Law

What are graduates doing after six months?

This is what graduates told us they were doing (and earning), shortly after completing their course. We've crunched the numbers to show you if these immediate prospects are high, medium or low, compared to those studying this subject/s at other universities.

£17,000
low
Average annual salary
98%
med
Employed or in further education
45%
low
Employed in a role where degree was essential or beneficial

Top job areas of graduates

24%
Legal associate professionals
14%
Sales assistants and retail cashiers
10%
Public services and other associate professionals

Law graduates tend to go into the legal industry, and they usually take similar routes. Jobs are competitive — often very competitive - but starting salaries are good and high fliers can earn serious money - starting on over £24k in London on average. Be aware though - some careers, especially as barristers, can take a while to get into, and the industry is changing as the Internet, automation and economic change all have an effect, If you want to qualify to practise law, you need to take a professional qualification — many law graduates then go on to law school. If you want to go into work, then a lot of law graduates take trainee or paralegal roles and some do leave the law altogether, often for jobs in management, finance and the police force. A small proportion of law graduates also move into another field for further study. Management, accountancy and teaching are all popular for these career changers, so if you do take a law degree and decide it’s not for you, there are options.

What about your long term prospects?

Looking further ahead, below is a rough guide for what graduates went on to earn.

Law

The graph shows median earnings of graduates who achieved a degree in this subject area one, three and five years after graduating from here.

£16k

£16k

£19k

£19k

£21k

£21k

Note: this data only looks at employees (and not those who are self-employed or also studying) and covers a broad sample of graduates and the various paths they've taken, which might not always be a direct result of their degree.

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Lower entry requirements
University of Derby
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Nearby University
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Same University
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This is what the university has told Ucas about the criteria they expect applicants to satisfy; some may be compulsory, others may be preferable.

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This is the percentage of applicants to this course who received an offer last year, through Ucas.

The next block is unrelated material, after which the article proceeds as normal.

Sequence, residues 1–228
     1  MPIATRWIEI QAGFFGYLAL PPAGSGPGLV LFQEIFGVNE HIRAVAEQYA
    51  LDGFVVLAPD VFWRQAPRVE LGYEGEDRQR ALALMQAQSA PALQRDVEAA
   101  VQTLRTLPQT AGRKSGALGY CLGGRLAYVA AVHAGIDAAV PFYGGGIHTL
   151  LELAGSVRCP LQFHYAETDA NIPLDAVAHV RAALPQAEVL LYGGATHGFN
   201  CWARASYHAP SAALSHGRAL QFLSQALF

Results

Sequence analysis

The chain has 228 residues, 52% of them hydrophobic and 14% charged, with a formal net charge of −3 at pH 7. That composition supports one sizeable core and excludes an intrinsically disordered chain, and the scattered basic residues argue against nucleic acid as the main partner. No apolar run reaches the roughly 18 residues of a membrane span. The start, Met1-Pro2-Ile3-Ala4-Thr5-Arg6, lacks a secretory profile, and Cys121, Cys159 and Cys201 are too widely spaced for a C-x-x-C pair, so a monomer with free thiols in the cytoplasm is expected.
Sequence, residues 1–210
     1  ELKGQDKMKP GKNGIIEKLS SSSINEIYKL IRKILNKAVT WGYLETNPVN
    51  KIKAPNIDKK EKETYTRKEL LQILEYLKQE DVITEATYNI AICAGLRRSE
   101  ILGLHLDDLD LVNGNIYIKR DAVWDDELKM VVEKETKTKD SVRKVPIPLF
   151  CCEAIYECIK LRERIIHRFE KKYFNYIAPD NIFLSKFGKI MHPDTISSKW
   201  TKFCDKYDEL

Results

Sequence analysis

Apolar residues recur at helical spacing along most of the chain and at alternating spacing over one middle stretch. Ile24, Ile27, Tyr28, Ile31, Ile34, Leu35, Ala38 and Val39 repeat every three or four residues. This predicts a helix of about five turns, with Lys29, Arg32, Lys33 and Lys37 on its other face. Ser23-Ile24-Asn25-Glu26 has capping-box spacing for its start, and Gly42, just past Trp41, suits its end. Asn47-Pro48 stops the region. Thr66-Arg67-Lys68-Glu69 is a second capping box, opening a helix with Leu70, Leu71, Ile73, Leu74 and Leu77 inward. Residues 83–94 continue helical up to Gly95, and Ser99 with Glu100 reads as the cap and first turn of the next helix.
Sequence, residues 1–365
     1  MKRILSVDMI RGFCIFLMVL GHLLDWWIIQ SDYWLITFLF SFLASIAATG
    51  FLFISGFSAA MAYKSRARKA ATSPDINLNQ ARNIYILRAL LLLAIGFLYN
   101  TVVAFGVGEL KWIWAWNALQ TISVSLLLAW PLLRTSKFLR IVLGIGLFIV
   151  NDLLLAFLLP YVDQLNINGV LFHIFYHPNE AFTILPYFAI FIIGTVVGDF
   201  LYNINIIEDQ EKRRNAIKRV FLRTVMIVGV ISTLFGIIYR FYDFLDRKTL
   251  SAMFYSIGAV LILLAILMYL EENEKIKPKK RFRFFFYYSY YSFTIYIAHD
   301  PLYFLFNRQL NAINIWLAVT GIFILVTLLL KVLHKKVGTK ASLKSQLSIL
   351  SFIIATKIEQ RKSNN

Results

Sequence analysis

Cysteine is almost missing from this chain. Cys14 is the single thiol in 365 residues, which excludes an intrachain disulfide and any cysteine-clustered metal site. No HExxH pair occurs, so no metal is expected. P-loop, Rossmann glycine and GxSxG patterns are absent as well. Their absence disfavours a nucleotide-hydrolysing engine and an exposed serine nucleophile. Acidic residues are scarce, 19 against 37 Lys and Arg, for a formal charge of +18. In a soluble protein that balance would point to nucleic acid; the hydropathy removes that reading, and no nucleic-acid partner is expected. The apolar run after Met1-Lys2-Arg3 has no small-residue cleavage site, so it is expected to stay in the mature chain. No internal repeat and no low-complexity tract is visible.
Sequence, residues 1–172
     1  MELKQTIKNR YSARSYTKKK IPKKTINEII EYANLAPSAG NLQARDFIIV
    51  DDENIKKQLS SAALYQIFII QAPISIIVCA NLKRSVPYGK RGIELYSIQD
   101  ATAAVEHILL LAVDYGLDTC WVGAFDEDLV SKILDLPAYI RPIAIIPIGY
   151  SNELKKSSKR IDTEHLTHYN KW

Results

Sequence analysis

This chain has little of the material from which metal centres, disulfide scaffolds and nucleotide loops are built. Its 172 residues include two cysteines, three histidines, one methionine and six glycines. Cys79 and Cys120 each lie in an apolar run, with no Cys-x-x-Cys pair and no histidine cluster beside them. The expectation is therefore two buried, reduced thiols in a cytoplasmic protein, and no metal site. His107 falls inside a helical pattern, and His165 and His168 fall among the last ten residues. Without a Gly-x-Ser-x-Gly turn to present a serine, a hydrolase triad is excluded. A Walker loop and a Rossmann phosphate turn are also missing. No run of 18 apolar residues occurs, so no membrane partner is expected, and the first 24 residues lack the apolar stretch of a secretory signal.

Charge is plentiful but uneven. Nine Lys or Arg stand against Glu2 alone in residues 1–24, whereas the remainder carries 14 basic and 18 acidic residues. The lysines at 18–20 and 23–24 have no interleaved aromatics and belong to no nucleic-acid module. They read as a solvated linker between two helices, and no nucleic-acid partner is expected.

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This is what the university has told Ucas about the course. Use it to get a quick idea about what makes it unique compared to similar courses, elsewhere.

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Course location and department:

This is what the university has told Ucas about the course. Use it to get a quick idea about what makes it unique compared to similar courses, elsewhere.

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Teaching Excellence Framework (TEF):

We've received this information from the Department for Education, via Ucas. This is how the university as a whole has been rated for its quality of teaching: gold silver or bronze. Note, not all universities have taken part in the TEF.

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This information comes from the National Student Survey, an annual student survey of final-year students. You can use this to see how satisfied students studying this subject area at this university, are (not the individual course).

This is the percentage of final-year students at this university who were "definitely" or "mostly" satisfied with their course. We've analysed this figure against other universities so you can see whether this is high, medium or low.

Have a question about this info? Learn more here

This information is from the Higher Education Statistics Agency (HESA), for undergraduate students only.

You can use this to get an idea of who you might share a lecture with and how they progressed in this subject, here. It's also worth comparing typical A-level subjects and grades students achieved with the current course entry requirements; similarities or differences here could indicate how flexible (or not) a university might be.

Have a question about this info? Learn more here

Post-six month graduation stats:

This is from the Destinations of Leavers from Higher Education Survey, based on responses from graduates who studied the same subject area here.

It offers a snapshot of what grads went on to do six months later, what they were earning on average, and whether they felt their degree helped them obtain a 'graduate role'. We calculate a mean rating to indicate if this is high, medium or low compared to other universities.

Have a question about this info? Learn more here

Graduate field commentary:

The Higher Education Careers Services Unit have provided some further context for all graduates in this subject area, including details that numbers alone might not show

Have a question about this info? Learn more here

The Longitudinal Educational Outcomes dataset combines HRMC earnings data with student records from the Higher Education Statistics Agency.

While there are lots of factors at play when it comes to your future earnings, use this as a rough timeline of what graduates in this subject area were earning on average one, three and five years later. Can you see a steady increase in salary, or did grads need some experience under their belt before seeing a nice bump up in their pay packet?

Have a question about this info? Learn more here